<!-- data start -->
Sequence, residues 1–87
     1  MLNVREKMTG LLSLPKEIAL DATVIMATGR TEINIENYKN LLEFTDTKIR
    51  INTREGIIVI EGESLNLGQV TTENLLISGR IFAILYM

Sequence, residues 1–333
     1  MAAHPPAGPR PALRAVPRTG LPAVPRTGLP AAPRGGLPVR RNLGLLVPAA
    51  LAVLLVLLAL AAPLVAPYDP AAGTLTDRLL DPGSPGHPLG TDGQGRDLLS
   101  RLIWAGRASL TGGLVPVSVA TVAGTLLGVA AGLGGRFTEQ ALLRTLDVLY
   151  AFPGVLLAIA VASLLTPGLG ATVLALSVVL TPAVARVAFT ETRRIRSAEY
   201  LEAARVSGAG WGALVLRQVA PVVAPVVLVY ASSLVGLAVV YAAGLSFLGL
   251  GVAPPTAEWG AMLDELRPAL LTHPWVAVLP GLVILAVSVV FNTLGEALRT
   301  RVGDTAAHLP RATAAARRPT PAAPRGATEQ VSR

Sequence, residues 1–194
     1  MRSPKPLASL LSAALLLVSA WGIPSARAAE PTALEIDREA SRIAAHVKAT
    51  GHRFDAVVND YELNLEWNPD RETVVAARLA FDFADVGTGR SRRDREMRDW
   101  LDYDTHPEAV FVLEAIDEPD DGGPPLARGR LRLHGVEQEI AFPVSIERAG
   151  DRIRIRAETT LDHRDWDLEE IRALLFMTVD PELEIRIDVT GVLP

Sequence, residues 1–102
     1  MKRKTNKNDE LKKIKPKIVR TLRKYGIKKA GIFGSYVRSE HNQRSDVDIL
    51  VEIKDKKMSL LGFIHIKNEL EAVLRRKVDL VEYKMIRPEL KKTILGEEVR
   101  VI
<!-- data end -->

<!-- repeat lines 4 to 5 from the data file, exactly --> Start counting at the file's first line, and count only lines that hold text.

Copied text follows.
Sequence, residues 1–333
     1  MAAHPPAGPR PALRAVPRTG LPAVPRTGLP AAPRGGLPVR RNLGLLVPAA